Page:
Grammar is not my favorite subject to teach even though I loved it in middle school. For many years I used Easy Grammar with my children. It worked well with my oldest, but I noticed my next two children (boys) were not remembering the concepts taught in the lesson. They would do well on a lesson immediately after they learned a new concept, but in a few weeks they would forget everything they learned.
One thing I did like about Easy Grammar was that they gave a list of the 40 prepositions in the beginning of the book. Knowing the prepositions made decoding everything else much easier, in my opinion.
Last year I switched to Winston Grammar. While my boys haven’t loved grammar (they didn’t love it before the switch either) I have noticed that their retention of concepts has improved. I’m using the basic course with my 10 year-old and the advanced course with my 14 year-old.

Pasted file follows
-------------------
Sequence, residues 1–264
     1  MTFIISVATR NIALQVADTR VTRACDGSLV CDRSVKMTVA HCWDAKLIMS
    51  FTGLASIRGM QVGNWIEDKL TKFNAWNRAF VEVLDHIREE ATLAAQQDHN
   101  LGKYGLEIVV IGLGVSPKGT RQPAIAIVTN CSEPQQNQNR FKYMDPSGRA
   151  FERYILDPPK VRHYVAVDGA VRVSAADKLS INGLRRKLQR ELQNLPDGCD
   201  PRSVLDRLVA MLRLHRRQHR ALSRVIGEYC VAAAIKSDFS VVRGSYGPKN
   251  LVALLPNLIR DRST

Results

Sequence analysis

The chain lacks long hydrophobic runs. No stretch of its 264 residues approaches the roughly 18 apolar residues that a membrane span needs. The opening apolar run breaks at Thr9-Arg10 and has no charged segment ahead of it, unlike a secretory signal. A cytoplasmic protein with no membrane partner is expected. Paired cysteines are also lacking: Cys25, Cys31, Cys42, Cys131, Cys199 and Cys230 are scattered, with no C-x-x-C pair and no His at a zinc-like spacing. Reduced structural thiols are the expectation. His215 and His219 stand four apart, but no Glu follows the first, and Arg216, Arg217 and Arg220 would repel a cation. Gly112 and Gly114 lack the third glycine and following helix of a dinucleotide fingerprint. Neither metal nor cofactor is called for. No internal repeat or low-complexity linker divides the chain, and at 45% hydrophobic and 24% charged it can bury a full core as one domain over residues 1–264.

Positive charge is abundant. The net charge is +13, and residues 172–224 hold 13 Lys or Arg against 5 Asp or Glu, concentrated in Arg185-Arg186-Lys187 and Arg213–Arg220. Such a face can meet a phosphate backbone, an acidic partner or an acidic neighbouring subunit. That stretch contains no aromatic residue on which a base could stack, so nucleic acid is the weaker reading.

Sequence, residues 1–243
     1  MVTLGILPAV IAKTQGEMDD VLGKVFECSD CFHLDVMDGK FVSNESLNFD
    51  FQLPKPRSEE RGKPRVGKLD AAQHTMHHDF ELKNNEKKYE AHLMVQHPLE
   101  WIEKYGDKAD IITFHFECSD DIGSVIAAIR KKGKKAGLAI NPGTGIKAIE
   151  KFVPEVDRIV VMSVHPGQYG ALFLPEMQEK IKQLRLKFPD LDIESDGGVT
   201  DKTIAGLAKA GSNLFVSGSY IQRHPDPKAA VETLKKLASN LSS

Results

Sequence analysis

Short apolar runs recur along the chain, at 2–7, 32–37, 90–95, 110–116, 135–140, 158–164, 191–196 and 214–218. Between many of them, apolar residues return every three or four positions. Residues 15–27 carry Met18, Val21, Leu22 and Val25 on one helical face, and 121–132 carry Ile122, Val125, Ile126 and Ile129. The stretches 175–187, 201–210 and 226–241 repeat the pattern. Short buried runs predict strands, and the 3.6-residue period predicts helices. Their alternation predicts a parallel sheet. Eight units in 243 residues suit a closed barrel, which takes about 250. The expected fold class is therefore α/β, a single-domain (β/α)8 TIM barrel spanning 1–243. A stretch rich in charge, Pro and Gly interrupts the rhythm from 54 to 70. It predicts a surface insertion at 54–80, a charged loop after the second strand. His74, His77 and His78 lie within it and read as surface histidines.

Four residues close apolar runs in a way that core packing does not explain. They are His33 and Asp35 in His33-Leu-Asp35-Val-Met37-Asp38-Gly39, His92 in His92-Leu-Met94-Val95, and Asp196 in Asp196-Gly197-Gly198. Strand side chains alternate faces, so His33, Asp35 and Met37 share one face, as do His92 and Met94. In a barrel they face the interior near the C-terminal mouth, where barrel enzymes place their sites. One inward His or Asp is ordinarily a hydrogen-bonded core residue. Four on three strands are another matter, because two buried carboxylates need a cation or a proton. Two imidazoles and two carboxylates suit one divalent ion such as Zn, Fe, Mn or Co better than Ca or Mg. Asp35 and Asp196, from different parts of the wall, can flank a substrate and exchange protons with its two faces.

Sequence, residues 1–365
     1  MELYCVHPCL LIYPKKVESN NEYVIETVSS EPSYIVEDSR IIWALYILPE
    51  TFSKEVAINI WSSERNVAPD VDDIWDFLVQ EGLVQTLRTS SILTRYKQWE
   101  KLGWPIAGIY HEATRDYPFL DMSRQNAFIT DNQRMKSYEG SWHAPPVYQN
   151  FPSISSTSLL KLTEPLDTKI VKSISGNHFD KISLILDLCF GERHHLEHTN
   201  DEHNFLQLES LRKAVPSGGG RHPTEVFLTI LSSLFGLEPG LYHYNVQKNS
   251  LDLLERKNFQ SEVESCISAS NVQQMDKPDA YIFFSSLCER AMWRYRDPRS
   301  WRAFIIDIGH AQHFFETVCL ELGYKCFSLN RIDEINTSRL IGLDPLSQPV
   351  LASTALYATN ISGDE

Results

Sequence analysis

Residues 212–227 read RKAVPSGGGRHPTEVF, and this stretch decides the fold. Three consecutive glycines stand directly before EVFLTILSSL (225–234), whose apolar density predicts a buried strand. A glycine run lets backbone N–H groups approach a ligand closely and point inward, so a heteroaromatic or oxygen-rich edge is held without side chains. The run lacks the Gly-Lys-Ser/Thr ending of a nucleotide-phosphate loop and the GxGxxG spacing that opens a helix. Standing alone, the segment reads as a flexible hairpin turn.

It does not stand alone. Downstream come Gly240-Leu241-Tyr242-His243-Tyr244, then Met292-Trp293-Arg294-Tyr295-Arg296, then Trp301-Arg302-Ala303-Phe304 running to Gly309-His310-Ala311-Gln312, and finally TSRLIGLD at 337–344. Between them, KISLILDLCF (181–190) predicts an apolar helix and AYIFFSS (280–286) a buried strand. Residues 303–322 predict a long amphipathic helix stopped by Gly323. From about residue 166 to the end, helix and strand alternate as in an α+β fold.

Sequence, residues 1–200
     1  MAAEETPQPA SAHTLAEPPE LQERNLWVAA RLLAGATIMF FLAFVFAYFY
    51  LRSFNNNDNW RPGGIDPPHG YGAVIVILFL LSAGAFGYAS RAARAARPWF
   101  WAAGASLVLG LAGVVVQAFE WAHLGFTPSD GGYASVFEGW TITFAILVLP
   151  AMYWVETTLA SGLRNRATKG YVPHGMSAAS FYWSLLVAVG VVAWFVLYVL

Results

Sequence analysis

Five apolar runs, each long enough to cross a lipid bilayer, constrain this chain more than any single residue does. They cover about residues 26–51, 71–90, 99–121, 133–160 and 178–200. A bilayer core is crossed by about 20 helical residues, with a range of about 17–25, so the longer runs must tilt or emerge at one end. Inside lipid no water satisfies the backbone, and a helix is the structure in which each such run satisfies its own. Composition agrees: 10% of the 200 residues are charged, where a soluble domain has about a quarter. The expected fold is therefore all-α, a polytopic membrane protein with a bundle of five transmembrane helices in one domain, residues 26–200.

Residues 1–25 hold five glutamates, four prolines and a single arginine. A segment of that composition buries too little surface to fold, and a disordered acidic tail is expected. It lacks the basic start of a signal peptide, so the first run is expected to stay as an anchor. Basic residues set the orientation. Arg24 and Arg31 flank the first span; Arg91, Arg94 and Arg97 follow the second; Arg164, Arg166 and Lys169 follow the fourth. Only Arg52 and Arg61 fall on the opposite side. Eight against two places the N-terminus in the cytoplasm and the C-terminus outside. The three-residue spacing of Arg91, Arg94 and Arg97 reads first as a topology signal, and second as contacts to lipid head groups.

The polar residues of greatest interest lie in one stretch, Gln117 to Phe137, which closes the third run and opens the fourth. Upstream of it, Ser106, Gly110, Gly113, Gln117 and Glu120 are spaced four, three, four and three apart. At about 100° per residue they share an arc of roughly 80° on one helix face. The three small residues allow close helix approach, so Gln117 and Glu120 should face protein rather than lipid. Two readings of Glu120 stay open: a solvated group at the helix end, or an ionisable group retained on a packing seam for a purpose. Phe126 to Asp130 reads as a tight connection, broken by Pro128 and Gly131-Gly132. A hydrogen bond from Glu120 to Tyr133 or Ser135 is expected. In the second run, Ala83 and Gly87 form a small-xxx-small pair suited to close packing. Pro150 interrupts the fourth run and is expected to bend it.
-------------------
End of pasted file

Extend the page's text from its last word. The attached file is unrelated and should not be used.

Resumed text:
Simple Format: There are no songs to sing or cute characters to teach you grammar. There is a workbook, a teacher’s guide, and parts-of-speech cards. If you have a child who needs something basic with no frills to distract them, Winston Grammar is a good fit.
Parts-of-Speech Cards: If you are using this program don’t skip the cards! We lost a few in our move and I plan on replacing them at the homeschool convention next week. Before a child does any work in the book, they “diagram” the sentence using cards. This works great with fidgety kids who need to be doing something at all times. It is also a great hand’s on teaching tool. Once the child has worked out a few sentences with the cards they start working in the book, but they can still use the cards to reference a grammar rule if necessary.
Lots of Review: A new grammar rule is introduced every two to four lessons, but the old rules are still practiced in the new lesson. Each rules builds on the last rule so it helps the child remember what they learned weeks prior to the current lesson.